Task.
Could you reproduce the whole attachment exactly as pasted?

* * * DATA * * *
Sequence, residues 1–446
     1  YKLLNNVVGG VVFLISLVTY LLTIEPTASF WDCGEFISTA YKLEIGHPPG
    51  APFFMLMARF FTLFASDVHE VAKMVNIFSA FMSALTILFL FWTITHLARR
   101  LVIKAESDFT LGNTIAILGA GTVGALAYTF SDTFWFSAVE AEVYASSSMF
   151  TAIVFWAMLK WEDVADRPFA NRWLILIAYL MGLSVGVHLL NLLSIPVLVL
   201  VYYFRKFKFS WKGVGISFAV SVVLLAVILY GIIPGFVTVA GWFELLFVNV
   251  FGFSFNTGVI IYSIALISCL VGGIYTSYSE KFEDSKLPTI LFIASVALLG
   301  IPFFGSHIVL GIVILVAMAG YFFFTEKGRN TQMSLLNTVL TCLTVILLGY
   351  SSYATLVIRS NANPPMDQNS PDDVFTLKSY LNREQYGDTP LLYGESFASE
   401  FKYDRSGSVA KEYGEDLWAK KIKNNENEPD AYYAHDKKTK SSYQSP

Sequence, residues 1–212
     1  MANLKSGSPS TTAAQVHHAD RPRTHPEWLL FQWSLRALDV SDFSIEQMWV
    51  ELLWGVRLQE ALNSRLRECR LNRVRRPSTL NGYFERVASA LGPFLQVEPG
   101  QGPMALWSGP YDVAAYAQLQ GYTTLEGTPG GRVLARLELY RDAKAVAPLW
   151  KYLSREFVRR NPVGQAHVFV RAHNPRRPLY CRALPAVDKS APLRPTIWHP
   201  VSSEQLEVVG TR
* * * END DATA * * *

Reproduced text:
Sequence, residues 1–446
     1  YKLLNNVVGG VVFLISLVTY LLTIEPTASF WDCGEFISTA YKLEIGHPPG
    51  APFFMLMARF FTLFASDVHE VAKMVNIFSA FMSALTILFL FWTITHLARR
   101  LVIKAESDFT LGNTIAILGA GTVGALAYTF SDTFWFSAVE AEVYASSSMF
   151  TAIVFWAMLK WEDVADRPFA NRWLILIAYL MGLSVGVHLL NLLSIPVLVL
   201  VYYFRKFKFS WKGVGISFAV SVVLLAVILY GIIPGFVTVA GWFELLFVNV
   251  FGFSFNTGVI IYSIALISCL VGGIYTSYSE KFEDSKLPTI LFIASVALLG
   301  IPFFGSHIVL GIVILVAMAG YFFFTEKGRN TQMSLLNTVL TCLTVILLGY
   351  SSYATLVIRS NANPPMDQNS PDDVFTLKSY LNREQYGDTP LLYGESFASE
   401  FKYDRSGSVA KEYGEDLWAK KIKNNENEPD AYYAHDKKTK SSYQSP

Sequence, residues 1–212
     1  MANLKSGSPS TTAAQVHHAD RPRTHPEWLL FQWSLRALDV SDFSIEQMWV
    51  ELLWGVRLQE ALNSRLRECR LNRVRRPSTL NGYFERVASA LGPFLQVEPG
   101  QGPMALWSGP YDVAAYAQLQ GYTTLEGTPG GRVLARLELY RDAKAVAPLW
   151  KYLSREFVRR NPVGQAHVFV RAHNPRRPLY CRALPAVDKS APLRPTIWHP
   201  VSSEQLEVVG TR